LINTON: Carmina Catulli
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LINTON: Carmina Catulli

spacer Crossley-Mercer; Peterson, piano. Texts and translations. Refinersfire RF-1422

Recordings Carmina cover 215

Carmina Catulli, the title of Michael Linton’s song cycle for baritone and piano, is potentially confusing since Catulli Carmina, with the words reversed, is part of Carl Orff’s Trionfo, the triptych of cantatas that famously includes Carmina Burana.  Both Linton and Orff set poems by the influential and admired Latin poet Gaius Valerius Catullus, who lived in the first century B.C.  Linton, however, virtually ignores Orff’s precedent and offers here a cycle of seventeen songs that burst with bold originality.   

Catullus expressed his own red-hot emotions of love, hate, lust, and anger, all in the starkest possible terms.  Many of his impassioned declarations — usually addressed to his love, the irresistible yet perennially vexing Lesbia — have considerable contemporary resonance, such as “I can’t like you, not for the best you could be/ Nor cease to love you, not for the worst you could do.”  Some are shockingly indecent. (One poem is, according to the notes, “infamous as the most obscene poem in any language”; reading the translation, this is not hard to believe.)  Linton, who teaches music theory at Middle Tennessee State University, responds to the poetry with music of an eclectic but coherent and distinctive style, contemporary but otherworldly.  His most conspicuous influence seems to be Messaien, but one number has hints of Kurt Weill, and he also quite effectively deploys Stravinsky-style primitivism.  A couple of songs have a Fauré-like touch to the harmonies, and a sweet, direct lyricism that is startling amidst the surrounding modernism.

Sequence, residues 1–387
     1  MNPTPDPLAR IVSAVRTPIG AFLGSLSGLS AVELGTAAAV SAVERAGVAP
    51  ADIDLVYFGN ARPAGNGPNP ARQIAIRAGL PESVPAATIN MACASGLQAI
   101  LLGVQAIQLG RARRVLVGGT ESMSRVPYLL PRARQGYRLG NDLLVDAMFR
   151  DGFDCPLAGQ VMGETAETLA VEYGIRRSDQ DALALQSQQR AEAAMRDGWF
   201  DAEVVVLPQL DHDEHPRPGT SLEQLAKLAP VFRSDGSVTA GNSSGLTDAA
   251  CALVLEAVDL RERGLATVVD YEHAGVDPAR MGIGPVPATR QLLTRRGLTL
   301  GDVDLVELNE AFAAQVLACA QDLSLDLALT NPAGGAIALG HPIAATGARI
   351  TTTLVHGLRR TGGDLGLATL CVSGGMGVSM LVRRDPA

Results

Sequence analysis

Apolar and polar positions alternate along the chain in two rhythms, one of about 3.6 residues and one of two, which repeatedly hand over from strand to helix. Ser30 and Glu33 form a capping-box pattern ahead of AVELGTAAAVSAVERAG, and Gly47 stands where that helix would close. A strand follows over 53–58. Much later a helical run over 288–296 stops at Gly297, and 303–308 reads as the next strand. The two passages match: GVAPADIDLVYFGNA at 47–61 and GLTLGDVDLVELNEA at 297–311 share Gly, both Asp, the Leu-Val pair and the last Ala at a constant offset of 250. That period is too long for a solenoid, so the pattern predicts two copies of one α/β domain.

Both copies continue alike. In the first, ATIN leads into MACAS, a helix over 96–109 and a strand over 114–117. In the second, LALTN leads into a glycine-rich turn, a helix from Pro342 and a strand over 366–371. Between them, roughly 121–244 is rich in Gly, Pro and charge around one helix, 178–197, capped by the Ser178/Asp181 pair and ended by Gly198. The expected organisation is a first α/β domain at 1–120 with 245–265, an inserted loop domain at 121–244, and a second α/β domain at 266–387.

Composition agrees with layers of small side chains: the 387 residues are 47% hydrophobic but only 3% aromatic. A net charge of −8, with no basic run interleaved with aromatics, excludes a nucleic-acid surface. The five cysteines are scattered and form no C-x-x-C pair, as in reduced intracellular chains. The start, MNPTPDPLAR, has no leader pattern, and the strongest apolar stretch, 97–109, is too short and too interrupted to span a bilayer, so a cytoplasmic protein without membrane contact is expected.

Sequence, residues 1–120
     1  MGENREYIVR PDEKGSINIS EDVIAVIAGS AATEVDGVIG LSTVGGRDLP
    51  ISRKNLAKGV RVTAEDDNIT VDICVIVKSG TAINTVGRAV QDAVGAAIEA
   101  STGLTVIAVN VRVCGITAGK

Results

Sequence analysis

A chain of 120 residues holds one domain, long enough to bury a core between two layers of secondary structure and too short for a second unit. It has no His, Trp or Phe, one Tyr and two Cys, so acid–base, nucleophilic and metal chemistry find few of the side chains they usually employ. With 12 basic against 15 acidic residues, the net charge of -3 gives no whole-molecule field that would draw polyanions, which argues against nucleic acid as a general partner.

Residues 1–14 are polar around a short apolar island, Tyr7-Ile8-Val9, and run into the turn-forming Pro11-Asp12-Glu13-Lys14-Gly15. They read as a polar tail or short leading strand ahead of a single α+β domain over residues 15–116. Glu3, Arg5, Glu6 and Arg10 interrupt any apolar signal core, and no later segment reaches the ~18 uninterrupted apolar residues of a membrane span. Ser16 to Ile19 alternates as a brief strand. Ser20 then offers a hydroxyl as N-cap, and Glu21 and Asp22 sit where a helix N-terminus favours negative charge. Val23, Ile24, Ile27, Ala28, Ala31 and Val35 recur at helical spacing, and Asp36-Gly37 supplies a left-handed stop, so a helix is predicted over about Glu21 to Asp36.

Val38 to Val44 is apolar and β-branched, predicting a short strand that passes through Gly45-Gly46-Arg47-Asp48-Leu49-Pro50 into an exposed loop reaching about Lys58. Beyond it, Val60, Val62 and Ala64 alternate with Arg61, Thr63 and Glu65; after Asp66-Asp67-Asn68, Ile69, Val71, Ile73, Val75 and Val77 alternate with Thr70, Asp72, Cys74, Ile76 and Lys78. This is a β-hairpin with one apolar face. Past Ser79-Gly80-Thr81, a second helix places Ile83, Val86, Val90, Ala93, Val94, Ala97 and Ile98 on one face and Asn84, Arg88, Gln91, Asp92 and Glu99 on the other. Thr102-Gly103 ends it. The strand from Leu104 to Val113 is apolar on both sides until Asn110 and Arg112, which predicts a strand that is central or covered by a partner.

The second number, “Vivamus mea Lesbia,” actually sounds like the performer is in the middle of a particularly passionate act of love, with repeated cries of “vivamus” (“let us live”) and “amemus” (“let us love”) amid wild piano glisses, almost to the point of madness.  The tumult is followed by remarkably harp-like sounds on the piano and a decidedly sated character to the vocal lines. Sometimes the piano parts deliberately contravene the message of the texts, as in “Nulli se dicit mulier,” which has an attractively rolling accompaniment, but whose subject is how deceitful women are, or “Pedicabo ego uos er irrumabo,” in which the poet flings vulgar insults at his detractors, amid music that is anthemic, triadic, and grand.

  British baritone Edwin Crossley-Mercer, a highly intelligent and versatile artist, sings with apparent full comprehension of the Latin texts, and pulls out a broad array of vocal colorings to illuminate the vivid moods of these unusual songs. He also has plenty of vocal power to unleash when called upon. There is, in fact, a lot of loud singing in these songs, but Crossley-Mercer has an appealingly viscous quality in his tone that wears well. Pianist Jason Paul Peterson is a full-fledged partner who exhibits thorough mastery of some fearsomely challenging music.  Linton’s cycle is a personal and assertive reimagining of some timeless, emotionally and sexually charged poetry, and this is certainly its definitive performance. spacer 


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